US private security companies are getting increasingly involved in military action in Iraq, fighting insurgents, enduring attacks and taking hundreds of casualties that have been sometimes concealed, The Washington Post reported Saturday.Citing unnamed US and Iraqi officials and company representatives, the newspaper said that while the military has built up troops in Baghdad, the security companies, funded by billions of dollars in US military and State Department contracts, have been engaged in a parallel surge.
They have boosted manpower, added expensive armor and stepped up evasive action as attacks increase, the report said.
One in seven supply convoys protected by private forces has come under attack this year, the paper said, citing previously unreleased statistics.
One security company reported nearly 300 "hostile actions" in the first four months.
The majority of the more than 100 security companies operate outside of Iraqi law, The Post said.
Blackwater USA, a North Carolina firm that protects US Ambassador Ryan Crocker, and several other companies have not applied for Iraqi licenses, according to the report.
Blackwater said that it obtained a one-year license in 2005 but that shifting Iraqi government policy has impeded its attempts to renew, the paper said.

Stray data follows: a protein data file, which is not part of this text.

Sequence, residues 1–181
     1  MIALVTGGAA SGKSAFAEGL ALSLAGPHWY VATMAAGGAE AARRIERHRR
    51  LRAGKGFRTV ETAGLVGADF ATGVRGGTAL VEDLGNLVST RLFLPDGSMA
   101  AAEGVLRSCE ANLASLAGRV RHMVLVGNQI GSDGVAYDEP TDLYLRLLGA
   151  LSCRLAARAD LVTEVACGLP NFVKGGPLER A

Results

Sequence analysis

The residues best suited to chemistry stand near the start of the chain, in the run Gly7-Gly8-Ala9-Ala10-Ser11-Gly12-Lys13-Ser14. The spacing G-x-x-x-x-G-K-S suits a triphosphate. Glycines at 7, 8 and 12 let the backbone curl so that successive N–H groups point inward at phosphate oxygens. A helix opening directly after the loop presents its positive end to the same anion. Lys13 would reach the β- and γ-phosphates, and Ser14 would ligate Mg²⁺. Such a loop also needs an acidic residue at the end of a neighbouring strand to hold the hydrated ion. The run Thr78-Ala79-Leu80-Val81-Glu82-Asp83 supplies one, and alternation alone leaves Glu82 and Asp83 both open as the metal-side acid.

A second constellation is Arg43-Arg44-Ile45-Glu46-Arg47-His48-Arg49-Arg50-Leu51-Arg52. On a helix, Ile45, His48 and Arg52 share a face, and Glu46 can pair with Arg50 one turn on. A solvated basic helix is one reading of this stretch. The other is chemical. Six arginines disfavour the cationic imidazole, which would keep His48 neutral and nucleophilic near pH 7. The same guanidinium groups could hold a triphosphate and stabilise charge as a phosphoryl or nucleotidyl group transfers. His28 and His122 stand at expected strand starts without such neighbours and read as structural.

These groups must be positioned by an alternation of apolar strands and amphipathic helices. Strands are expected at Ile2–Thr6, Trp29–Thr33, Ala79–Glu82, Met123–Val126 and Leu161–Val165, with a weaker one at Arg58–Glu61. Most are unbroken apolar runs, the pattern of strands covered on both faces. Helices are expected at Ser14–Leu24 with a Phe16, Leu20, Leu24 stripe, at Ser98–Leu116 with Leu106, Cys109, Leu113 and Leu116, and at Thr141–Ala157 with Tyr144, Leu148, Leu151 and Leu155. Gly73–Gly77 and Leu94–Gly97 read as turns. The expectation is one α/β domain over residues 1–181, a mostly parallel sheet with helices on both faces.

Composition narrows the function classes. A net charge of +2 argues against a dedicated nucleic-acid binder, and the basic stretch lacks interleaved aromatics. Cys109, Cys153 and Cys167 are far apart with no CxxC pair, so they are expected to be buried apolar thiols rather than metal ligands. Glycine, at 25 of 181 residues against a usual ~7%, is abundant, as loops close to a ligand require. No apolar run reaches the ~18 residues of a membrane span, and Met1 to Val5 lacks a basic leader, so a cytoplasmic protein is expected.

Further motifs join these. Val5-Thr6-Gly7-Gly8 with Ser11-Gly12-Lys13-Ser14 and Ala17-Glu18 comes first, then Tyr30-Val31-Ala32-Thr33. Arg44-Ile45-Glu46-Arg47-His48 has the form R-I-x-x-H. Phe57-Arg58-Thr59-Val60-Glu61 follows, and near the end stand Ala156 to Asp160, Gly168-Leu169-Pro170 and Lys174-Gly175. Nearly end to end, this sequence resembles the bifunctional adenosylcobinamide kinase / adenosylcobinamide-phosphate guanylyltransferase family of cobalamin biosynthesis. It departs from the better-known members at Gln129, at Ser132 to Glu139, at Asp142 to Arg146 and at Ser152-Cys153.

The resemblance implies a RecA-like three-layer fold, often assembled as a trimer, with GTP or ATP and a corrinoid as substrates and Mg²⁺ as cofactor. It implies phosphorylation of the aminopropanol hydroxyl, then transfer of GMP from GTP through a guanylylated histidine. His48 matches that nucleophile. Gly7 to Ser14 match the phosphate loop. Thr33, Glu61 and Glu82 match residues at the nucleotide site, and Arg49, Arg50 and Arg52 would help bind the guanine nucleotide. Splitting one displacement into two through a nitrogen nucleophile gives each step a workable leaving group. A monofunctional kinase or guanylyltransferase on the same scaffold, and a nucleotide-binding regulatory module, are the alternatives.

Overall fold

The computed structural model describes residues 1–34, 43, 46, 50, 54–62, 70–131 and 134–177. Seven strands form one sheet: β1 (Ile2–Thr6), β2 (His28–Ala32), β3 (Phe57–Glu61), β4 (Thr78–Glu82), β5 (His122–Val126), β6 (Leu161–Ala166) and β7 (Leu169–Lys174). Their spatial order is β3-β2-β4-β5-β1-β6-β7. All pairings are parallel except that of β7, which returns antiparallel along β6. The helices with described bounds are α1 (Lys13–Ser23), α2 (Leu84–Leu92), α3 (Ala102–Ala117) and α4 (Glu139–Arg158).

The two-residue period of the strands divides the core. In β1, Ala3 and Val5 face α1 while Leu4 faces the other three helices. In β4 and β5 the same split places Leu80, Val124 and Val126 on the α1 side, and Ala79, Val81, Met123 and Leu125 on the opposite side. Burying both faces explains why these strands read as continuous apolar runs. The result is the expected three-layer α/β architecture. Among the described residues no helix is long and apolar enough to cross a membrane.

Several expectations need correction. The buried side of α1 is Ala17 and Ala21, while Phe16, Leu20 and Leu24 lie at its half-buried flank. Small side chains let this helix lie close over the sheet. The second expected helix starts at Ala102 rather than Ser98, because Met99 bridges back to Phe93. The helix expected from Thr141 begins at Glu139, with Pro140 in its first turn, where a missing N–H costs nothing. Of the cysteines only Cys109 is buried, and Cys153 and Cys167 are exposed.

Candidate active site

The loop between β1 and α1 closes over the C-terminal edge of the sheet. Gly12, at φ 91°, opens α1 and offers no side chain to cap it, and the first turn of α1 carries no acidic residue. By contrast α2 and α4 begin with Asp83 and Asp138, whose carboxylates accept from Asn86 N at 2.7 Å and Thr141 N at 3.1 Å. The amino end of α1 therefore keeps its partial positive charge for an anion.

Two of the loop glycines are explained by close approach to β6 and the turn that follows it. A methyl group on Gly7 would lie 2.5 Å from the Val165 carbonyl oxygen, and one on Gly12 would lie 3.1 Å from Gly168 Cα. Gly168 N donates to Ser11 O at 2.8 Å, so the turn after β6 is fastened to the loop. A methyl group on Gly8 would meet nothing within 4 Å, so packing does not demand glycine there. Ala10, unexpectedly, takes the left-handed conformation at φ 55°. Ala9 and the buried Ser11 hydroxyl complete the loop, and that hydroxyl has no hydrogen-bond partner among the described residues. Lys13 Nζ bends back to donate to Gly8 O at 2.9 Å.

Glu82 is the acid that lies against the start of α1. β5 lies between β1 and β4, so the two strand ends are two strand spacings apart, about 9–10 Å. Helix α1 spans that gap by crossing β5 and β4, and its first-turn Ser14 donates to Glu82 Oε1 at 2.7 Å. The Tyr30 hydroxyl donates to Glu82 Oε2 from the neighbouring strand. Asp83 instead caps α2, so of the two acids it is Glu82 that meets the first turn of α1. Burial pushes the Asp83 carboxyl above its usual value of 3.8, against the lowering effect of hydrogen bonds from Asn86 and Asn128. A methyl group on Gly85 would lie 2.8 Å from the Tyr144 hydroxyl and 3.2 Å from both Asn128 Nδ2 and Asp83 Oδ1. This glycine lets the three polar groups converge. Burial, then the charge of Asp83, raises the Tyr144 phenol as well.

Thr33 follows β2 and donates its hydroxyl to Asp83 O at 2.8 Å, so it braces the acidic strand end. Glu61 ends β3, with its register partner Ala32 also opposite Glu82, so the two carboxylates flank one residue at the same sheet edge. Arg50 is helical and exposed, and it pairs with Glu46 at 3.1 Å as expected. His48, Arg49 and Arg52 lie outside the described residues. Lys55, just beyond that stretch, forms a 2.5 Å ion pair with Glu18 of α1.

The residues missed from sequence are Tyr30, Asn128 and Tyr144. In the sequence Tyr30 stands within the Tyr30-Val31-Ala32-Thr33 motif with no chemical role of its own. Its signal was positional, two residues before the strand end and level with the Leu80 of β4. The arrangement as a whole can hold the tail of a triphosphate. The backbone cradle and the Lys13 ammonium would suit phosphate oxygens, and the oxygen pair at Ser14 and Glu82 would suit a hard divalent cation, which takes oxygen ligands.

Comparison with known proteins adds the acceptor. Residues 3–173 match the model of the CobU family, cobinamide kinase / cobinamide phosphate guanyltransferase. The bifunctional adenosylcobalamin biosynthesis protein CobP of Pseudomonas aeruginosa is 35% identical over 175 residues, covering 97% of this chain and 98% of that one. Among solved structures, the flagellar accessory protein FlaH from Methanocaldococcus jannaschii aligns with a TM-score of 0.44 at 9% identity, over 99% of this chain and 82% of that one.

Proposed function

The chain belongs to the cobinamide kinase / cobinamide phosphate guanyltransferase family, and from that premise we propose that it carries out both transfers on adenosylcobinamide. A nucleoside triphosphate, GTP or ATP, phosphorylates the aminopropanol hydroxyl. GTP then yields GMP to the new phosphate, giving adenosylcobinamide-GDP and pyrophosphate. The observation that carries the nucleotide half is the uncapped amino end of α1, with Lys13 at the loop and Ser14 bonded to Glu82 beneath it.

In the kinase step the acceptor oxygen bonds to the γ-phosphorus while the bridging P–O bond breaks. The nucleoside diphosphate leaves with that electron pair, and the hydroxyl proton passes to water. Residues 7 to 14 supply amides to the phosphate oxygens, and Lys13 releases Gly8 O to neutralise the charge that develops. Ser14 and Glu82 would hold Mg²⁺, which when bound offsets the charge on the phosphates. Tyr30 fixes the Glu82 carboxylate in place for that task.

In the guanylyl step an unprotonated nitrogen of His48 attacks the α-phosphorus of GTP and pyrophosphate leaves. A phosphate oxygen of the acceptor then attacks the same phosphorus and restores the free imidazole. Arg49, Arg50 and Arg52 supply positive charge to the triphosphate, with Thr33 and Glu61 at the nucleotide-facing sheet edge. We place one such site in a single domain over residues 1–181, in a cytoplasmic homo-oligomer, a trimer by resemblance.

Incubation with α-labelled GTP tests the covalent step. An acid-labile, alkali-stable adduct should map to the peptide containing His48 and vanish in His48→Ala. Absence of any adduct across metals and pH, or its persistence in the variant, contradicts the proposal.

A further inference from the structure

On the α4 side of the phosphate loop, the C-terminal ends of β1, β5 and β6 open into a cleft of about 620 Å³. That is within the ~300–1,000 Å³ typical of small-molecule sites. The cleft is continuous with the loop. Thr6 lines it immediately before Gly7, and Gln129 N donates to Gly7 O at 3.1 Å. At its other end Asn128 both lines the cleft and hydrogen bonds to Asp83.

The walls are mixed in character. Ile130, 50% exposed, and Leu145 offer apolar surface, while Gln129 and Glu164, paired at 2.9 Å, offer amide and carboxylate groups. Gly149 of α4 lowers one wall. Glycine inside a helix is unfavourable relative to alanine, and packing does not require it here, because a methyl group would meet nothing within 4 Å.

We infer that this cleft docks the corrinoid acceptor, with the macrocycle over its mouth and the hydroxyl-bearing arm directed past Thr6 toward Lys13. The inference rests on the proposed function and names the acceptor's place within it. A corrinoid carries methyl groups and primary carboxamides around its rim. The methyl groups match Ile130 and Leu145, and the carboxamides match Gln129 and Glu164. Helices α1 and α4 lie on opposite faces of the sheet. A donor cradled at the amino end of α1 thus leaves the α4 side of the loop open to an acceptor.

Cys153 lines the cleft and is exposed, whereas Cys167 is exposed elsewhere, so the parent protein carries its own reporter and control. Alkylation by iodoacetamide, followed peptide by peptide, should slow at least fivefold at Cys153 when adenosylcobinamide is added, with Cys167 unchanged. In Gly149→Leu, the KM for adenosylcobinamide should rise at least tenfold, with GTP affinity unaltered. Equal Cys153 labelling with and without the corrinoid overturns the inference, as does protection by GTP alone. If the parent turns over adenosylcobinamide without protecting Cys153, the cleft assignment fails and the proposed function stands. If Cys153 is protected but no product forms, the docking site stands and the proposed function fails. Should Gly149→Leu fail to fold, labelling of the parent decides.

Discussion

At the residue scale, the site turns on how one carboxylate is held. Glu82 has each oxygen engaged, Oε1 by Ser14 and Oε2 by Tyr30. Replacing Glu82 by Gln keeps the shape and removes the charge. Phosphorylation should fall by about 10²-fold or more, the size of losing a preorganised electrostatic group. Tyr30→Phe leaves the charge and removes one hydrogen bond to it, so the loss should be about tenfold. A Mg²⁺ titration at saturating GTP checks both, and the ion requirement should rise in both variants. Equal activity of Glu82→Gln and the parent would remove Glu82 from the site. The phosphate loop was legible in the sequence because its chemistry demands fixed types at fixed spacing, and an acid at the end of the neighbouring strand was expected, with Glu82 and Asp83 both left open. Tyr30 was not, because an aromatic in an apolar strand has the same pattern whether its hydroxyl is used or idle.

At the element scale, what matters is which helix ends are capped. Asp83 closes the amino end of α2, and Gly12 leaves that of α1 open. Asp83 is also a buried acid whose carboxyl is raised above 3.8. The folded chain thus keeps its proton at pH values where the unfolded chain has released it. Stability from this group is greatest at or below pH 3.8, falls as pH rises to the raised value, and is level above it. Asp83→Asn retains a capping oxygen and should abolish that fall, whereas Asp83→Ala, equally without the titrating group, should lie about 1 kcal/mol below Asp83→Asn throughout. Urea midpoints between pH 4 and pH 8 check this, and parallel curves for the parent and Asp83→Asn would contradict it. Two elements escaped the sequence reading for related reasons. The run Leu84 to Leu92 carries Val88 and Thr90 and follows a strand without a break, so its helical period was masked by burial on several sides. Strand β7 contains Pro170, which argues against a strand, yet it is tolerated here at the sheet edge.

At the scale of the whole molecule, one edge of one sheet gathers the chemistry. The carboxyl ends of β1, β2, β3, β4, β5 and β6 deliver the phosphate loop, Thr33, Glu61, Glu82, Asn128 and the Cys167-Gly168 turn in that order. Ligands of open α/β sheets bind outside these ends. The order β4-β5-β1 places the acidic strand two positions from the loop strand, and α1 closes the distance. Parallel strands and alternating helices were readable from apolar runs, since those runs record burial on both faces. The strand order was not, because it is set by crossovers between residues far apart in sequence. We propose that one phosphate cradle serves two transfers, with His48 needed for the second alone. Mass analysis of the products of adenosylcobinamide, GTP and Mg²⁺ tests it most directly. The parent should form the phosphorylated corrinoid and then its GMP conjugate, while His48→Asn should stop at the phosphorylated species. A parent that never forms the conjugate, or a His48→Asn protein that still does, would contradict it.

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The security industry's enormous growth has been facilitated by the US military, which uses the 20,000 to 30,000 contractors to offset chronic troop shortages, according to The Post.
Armed contractors protect all convoys transporting reconstruction materiel, including vehicles, weapons and ammunition for the Iraqi army and police. They guard key US military installations and provide personal security for at least three commanding generals.
US officials and security company representatives emphasized that contractors are strictly limited to defensive operations, the report said.
But company representatives in the field said insurgents rarely distinguish between the military and private forces, drawing the contractors into a bloody and escalating campaign, the paper reported.
The US military has never released complete statistics on contractor casualties or the number of attacks on privately guarded convoys, The Post said.
According to Victoria Wayne, who served at the Reconstruction Logistics Directorate of the Corps of Engineers in Iraq, the military wanted to hide information showing that private guards were fighting and dying in large numbers because it would be perceived as bad news, the paper said.
In an operational overview updated last month, the logistics directorate reported that 132 security contractors and truck drivers had been killed and 416 wounded since fall 2004. Four security contractors and a truck driver remained missing, and 208 vehicles were destroyed. Only convoys registered with the logistics directorate are counted in the statistics, and the total number of casualties is believed to be higher.
Copyright © 2007 AFP